A non-governmental organization based in Murang’a County has appealed to parliament to enact a law that would increase the age limit on initiation to cigarette smoking from 18 to 21 years.
African Centre for Corrective and Preventive Action (ACCPA) is currently working on a memorandum to be presented in the senate and national assembly, seeking to bar teenagers from being introduced to tobacco smoking.
Executive director of the lobby group, John Macharai said that tobacco manufacturers usually target teenagers to sell their products arguing that when one starts smoking it’s hard to abandon the habit.
“When teenagers are initiated to smoking and get addicted, it’s very hard to quit the habit. This is the reason we want our young people to be protected by law from being introduced to smoking,” said Macharia.
He stated that cigarette smoking should be contained as tobacco has many far reaching negative effects to human health.
Macharia said within a period of two weeks, they will present their memorandum to the national assembly and the senate seeking to tighten the already existing laws governing tobacco smoking in the country.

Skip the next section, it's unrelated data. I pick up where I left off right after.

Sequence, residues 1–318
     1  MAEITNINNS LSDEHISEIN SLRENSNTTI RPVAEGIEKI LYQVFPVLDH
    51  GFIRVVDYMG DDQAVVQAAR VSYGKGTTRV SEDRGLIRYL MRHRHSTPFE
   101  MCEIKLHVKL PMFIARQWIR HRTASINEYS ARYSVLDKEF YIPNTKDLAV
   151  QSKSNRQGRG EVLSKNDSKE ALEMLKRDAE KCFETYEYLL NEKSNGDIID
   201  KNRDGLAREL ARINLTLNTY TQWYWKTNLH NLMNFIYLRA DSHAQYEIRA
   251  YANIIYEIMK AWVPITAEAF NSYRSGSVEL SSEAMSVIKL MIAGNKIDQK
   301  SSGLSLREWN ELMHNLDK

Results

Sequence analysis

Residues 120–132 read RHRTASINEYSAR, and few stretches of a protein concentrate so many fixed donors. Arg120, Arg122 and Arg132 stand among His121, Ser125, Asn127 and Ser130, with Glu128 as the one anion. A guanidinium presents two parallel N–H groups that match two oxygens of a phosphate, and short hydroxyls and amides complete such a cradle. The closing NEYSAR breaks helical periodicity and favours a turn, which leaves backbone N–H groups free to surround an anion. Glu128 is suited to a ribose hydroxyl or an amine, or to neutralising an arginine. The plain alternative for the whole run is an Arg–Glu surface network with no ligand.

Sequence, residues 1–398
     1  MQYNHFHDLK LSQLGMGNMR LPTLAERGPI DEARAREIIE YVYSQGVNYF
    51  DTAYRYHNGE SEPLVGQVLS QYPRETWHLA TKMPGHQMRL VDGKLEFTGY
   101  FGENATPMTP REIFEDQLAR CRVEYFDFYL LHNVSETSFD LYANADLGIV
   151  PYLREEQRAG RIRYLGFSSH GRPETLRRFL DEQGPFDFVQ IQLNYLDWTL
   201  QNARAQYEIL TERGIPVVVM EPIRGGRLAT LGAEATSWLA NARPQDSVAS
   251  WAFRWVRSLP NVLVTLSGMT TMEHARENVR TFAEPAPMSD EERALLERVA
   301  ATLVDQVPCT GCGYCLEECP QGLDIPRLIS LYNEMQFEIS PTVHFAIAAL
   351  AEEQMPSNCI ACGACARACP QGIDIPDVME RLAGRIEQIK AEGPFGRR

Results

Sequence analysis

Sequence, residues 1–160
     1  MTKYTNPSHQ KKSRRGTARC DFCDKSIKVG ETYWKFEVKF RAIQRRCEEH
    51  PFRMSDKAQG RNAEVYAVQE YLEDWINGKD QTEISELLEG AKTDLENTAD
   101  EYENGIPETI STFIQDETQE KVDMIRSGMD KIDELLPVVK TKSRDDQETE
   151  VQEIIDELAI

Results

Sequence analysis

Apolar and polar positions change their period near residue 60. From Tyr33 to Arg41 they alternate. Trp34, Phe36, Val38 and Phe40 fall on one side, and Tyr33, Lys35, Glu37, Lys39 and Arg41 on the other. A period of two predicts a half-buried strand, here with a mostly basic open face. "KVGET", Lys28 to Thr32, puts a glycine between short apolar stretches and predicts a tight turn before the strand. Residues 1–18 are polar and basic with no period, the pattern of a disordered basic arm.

Speaking Monday as the country marked the World No tobacco Day, the director said they will also engage other stakeholders, especially county governments to formulate laws which will help contain consumption of tobacco in the country.
“Currently, tobacco contributes close to 8,000 deaths in the country annually. Tobacco is among major causes of cancer and as a country we need to completely minimize tobacco consumption,” he stated.
Macharia continued, “Tobacco is like poison. Our government should not be compromised by producers and manufacturers of tobacco products. The country should be tobacco free.”
Speaking during the same occasion, Dr. Inyathiu Kibe cited many ailments which are caused by tobacco consumption.
Kibe said the plant has more than 14 chemicals which are all harmful to the human body, noting that concerted efforts are needed to contain cigarette smoking especially among young people.
“Tobacco contributes 16 percent of all cancer cases. The product also leads to malformation of newborns. Smoking or consumption of tobacco in the country should be illegal. The cost of treating cancer patients by far outweighs the revenue raised from selling tobacco products,” Kibe further explained.
The medic further castigated multinational companies which major in tobacco products saying they use Africa to grow and process tobacco products, while leaving out developed nations.
“We need to make a decision as a country and totally ban tobacco farming and selling of its products. Tobacco smoking usually leads to the introduction of consumption of other hard drugs,” added Kibe.
He observed that there was general relaxation of laws which were earlier enacted to contain smoking in public places, adding that only a few people adhere to those regulations nowadays.
By Bernard Munyao